You can't really like, you can't force your idea on the world.

Instead, you have to listen and understand the market and really understand customers' needs, and then kind of work backwards from that.

And I think this is something that you hear a lot at Amazon.

They're pretty famous for their like, start with the customer, and you kind of write this like press release and FAQ first, and before you build anything, and then you work backwards and figure out what you actually need to do to build that to satisfy that customer need.

And for us, for the first, I want to say 18 months of segment, we basically took the opposite approach.

We just built a bunch of tech, but we wanted to figure out like whether people would use it or not.

But we were mostly trying to build tech for interesting tech sake for problems that we thought existed.

And when we repeatedly would give stuff to customers and show them these analytics tools that we built, just no one wanted them.

And I think that was like a very deeply humbling experience for us.

Because it showed kind of for the first time that in order to be a very good founder, you have to be great at finding and naming problems.

I think if you look at the segment alum folks who are succeeding today, a lot of them came from teams where they had to do that, where they had to develop some new product from scratch.

It didn't work, it didn't work, it didn't work.

And then finally, they kind of hit that product market fit that allowed them to take off.

Yeah, I've got Tejas and Josh Perl on later this week. I haven't talked to them in a while.

I was keeping in touch with them when they were small. And now, I mean, they're, I blinked, and they're a real company now.

So I've got the founders from Hightouch, who are a segment alum coming on later this week.

And yeah, I hear what you're saying about the narrative.

It's always, it's so important. And it's something that I see a lot of.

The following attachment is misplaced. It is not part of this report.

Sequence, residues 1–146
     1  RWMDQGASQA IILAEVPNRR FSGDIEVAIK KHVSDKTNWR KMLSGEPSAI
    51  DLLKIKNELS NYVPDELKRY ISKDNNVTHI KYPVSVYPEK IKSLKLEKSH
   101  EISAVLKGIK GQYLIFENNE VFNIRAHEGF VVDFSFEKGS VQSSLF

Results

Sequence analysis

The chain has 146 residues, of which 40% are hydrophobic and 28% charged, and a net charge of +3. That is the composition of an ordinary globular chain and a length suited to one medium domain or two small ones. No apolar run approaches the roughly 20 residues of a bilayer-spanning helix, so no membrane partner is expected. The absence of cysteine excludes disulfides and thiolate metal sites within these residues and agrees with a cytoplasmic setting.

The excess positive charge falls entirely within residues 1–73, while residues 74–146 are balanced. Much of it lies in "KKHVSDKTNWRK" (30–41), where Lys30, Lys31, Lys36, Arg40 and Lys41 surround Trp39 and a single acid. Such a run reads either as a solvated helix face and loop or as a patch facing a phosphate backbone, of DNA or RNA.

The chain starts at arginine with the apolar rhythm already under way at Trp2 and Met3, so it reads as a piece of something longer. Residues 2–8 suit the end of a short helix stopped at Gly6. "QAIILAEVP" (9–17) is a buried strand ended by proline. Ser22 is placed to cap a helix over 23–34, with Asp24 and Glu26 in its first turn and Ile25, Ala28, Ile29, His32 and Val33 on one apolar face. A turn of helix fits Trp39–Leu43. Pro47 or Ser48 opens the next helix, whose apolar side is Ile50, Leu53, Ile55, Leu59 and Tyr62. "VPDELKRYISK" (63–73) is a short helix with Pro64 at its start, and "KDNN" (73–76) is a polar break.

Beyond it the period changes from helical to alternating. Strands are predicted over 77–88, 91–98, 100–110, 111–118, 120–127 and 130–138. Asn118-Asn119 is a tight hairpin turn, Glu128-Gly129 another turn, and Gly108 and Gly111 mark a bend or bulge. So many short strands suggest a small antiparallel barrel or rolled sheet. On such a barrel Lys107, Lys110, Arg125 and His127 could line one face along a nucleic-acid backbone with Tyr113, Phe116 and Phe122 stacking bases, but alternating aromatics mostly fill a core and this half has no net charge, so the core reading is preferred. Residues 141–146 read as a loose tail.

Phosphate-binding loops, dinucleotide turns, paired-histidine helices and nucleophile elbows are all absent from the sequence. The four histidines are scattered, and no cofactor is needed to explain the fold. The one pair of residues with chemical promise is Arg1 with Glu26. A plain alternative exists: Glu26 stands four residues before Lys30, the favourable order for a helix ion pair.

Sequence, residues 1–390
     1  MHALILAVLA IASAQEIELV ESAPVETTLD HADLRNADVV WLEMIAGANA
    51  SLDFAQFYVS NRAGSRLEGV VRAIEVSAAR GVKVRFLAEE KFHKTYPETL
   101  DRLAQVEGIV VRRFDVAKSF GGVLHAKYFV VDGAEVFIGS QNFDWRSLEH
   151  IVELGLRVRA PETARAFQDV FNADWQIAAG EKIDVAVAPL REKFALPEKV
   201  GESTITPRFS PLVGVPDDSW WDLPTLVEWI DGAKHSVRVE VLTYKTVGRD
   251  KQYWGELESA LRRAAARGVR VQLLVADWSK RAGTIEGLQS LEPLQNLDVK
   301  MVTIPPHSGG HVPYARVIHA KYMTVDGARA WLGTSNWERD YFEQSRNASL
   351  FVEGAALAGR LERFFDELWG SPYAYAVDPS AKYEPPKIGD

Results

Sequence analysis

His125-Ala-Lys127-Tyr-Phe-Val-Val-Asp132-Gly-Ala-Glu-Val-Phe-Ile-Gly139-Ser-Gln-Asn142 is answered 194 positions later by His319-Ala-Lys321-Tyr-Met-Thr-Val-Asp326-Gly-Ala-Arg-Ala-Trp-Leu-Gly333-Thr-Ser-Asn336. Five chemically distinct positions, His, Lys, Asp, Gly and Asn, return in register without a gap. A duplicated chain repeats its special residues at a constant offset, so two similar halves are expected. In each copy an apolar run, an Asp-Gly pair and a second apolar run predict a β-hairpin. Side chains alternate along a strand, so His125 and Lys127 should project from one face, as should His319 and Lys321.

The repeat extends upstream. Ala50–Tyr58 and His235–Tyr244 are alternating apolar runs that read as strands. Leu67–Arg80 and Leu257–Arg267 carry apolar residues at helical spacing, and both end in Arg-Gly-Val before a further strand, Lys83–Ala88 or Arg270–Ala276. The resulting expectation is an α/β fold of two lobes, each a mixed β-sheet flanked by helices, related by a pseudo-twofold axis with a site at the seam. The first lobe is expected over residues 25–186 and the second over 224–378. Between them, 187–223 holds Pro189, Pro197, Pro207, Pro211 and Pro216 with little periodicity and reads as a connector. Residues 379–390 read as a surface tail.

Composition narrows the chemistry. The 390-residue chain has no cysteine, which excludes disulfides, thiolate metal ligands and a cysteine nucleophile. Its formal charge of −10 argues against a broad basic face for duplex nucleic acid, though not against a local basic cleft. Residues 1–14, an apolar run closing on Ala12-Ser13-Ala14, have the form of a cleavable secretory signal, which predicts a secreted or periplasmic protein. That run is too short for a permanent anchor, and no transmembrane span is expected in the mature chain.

I look at a lot of security companies, and it's something that I just don't see very much in the space.

It's something that I think Cloudflare, and Matthew, and Michelle, and the entire exec team at Cloudflare does really, really well.

But then how do you balance that with actually building something and shipping it?

Because I feel like you can get really hung up in the details of, well, I guess you have to be able to balance it.

But you can get really hung up in your narrative and telling the world all the stuff that you don't actually do.

But then also, you need, like, I feel like the segment origin story of you just built this thing, put it on Hacker News, and it exploded.

It's almost like the opposite.

It's true. Yeah. Yeah. I think, I don't know, Will Larson has this good, Will Larson's the CTO of CalmNow, and he writes a lot on engineering management and how to progress your career as a technical engineer.

He has this good line that oftentimes a cheap experiment is worth anything like N years of analysis.

And I think that was really kind of what happened to us. We said, okay, we're going to test whether people want this thing.

We're going to give it a good go and launch it.

And if it gets picked up, we'll follow it. And if it doesn't, we'll try something else.

And I think that philosophy actually serves most companies really well.